Flying to Delhi from Covid-surge states? Get ready for random tests at airport

Active Covid-19 cases in the country reached 5,52,566 on March 31, 2021, registering a rise of 11,846 cases over a day

Flying to Delhi from Covid-surge states? Get ready for random tests at airport
Passengers at the Delhi airport. Image courtesy: Twitter/ @DelhiAirport

With the surge in Covid-19 cases in India threatening to undo all the progress made in the fight against the deadly disease over the past year, the Delhi government has decided to conduct random Covid-19 tests (RAT/RT-PCR) on flyers coming from high-surge states. This process has been decided to start on Wednesday (March 31, 2021). 

"As per the latest government mandate, Delhi Disaster Management Authority (DDMA) shall conduct random Covid-19 testing of passengers coming from the states where cases are increasing," said a passenger advisory issued by the Delhi airport. It added that after the collection of samples, the passengers would be allowed to leave, but those found to be positive would be mandatorily put under home or institutional quarantine/isolation, as the case may be, for 10 days, according to the ministry of health and family welfare (MoHFW) protocol.

This measure comes as the Delhi government deemed that the National Capital Territory (NCT) of Delhi is once again under the threat of the spread of Covid-19. The Delhi government order stated that there has been a "perceptible increase" in Covid-19 cases in some states in the recent past and therefore, additional precautionary measures with respect to people arriving from these states on flights, trains and buses are required in the public interest.  

Active Covid-19 cases in the country reached 5,52,566 on March 31, 2021, registering a rise of 11,846 cases over a day. On a cumulative basis, 53,480 new cases (active, discharged and fatal cases) were registered in the past 24 hours. The total number of Covid-related deaths rose by 354 over 24 hours. Six states, namely Maharashtra, Punjab, Chhattisgarh, Karnataka, Tamil Nadu and Kerala accounted for around 82% of all Covid-related deaths over the past day.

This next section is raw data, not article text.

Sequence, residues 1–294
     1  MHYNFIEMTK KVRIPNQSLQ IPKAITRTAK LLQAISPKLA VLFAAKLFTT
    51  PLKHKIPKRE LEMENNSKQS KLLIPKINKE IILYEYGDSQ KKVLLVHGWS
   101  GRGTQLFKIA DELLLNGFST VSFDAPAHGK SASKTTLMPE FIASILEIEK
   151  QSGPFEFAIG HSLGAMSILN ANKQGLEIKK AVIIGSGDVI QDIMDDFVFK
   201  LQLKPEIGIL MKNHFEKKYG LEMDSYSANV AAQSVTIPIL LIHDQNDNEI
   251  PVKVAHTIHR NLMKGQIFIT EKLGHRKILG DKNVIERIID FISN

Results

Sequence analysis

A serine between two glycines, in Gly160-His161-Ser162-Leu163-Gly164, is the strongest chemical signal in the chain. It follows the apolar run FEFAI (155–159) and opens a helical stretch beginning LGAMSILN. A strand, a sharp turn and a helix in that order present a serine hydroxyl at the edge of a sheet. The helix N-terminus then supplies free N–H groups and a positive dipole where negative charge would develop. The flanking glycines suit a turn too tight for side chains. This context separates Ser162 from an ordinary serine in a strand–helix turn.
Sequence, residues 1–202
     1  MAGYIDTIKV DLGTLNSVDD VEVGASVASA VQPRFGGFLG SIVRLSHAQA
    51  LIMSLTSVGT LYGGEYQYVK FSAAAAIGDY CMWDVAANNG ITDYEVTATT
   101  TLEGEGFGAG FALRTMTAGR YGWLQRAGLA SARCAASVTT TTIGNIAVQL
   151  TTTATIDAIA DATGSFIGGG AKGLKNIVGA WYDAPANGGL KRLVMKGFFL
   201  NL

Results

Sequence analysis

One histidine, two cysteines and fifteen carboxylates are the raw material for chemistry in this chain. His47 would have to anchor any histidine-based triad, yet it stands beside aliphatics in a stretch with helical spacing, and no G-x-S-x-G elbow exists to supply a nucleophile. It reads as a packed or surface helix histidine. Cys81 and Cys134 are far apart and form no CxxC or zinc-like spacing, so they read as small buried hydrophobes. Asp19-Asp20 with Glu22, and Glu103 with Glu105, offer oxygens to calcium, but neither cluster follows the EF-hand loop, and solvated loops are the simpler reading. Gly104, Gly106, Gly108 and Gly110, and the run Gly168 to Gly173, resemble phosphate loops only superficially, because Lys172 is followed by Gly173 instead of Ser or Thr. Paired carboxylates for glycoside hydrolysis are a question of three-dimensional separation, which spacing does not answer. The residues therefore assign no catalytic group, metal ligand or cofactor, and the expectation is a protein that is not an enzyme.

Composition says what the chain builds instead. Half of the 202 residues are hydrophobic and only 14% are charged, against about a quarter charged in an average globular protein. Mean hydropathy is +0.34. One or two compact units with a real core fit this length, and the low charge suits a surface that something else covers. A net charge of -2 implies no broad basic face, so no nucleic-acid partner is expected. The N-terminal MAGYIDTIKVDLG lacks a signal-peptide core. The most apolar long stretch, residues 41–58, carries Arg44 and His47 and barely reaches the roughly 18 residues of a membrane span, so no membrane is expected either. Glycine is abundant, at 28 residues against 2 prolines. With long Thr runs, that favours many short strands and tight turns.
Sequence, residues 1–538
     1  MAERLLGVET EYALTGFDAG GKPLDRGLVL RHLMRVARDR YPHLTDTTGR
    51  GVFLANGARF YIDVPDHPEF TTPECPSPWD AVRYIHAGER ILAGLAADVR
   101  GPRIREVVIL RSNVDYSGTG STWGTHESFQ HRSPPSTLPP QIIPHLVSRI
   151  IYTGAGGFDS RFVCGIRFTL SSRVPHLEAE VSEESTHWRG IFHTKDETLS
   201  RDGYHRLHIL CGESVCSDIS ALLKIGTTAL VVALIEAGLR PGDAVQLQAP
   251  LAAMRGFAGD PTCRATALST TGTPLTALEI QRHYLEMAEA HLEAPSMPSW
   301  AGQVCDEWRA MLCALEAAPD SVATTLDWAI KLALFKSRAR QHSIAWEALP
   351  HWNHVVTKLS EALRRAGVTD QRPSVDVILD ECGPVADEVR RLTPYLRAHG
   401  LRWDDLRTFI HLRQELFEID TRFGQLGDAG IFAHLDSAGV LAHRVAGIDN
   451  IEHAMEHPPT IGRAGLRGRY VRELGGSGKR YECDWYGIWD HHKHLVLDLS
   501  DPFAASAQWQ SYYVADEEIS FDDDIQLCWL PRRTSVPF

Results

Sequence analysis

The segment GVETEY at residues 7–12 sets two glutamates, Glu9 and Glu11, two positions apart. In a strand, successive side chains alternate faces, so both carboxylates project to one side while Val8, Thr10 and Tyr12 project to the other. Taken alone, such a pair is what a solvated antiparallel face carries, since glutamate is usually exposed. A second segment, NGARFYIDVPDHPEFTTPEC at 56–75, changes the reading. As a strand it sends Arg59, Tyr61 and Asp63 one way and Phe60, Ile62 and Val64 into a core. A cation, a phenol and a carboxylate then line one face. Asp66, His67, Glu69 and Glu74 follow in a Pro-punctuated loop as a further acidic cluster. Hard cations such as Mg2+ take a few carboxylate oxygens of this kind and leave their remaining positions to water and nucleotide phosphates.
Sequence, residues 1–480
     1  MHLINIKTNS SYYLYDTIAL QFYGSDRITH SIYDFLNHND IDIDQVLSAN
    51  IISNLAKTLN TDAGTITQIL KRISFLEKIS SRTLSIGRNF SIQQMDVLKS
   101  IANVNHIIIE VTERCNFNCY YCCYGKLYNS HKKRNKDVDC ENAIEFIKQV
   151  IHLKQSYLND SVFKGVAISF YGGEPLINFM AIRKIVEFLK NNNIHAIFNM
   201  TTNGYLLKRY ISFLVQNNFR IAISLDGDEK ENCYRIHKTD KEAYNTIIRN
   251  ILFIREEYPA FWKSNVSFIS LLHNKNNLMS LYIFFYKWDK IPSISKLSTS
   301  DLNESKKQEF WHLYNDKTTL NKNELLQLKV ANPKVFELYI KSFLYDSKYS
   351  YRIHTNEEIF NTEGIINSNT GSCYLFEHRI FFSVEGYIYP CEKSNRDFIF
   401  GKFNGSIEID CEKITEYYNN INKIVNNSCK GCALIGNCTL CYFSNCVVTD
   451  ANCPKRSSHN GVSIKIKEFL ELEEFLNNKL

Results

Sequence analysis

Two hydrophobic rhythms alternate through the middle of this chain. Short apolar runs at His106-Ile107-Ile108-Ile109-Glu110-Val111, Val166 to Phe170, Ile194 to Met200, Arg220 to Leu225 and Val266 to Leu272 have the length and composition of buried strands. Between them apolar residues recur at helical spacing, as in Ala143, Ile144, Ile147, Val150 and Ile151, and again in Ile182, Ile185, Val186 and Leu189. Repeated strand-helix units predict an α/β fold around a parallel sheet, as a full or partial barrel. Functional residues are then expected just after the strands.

Also read: UK flyers to Delhi face shocking apathy, caught unawares by hard quarantine rules

In Delhi, 600 lesser active cases were added on March 31 as compared to the previous day. However, from March 23 to March 30 particularly, the graph of daily new cases in Delhi showed a sharp upward trajectory, according to MoHFW data. 

Just eight states, namely Maharashtra, Chhattisgarh, Karnataka, Kerala, Tamil Nadu, Gujarat, Punjab and Madhya Pradesh accounted for nearly 85% of the daily surge in cases. The situation in Maharashtra is far worse than that in the other states. It is, in fact, worse than even those states that are experiencing a spike. Maharashtra reported a daily addition of 27,918 cases on March 31. On March 29, the state had reported a huge 40,414 cases and has been witnessing daily cases in five-figures for quite some time now. 

Ten states, namely Maharashtra, Gujarat, Punjab, Madhya Pradesh, Delhi, Tamil Nadu, Chhattisgarh, Karnataka, Haryana and Rajasthan have been showing an upward trajectory in daily new cases. As far as active cases are concerned, nearly 79% of them have been reported from only five states -- Maharashtra, Karnataka, Kerala, Punjab and Chhattisgarh. Maharashtra leads here too, with over 61% share in the active Covid-19 caseload of the country.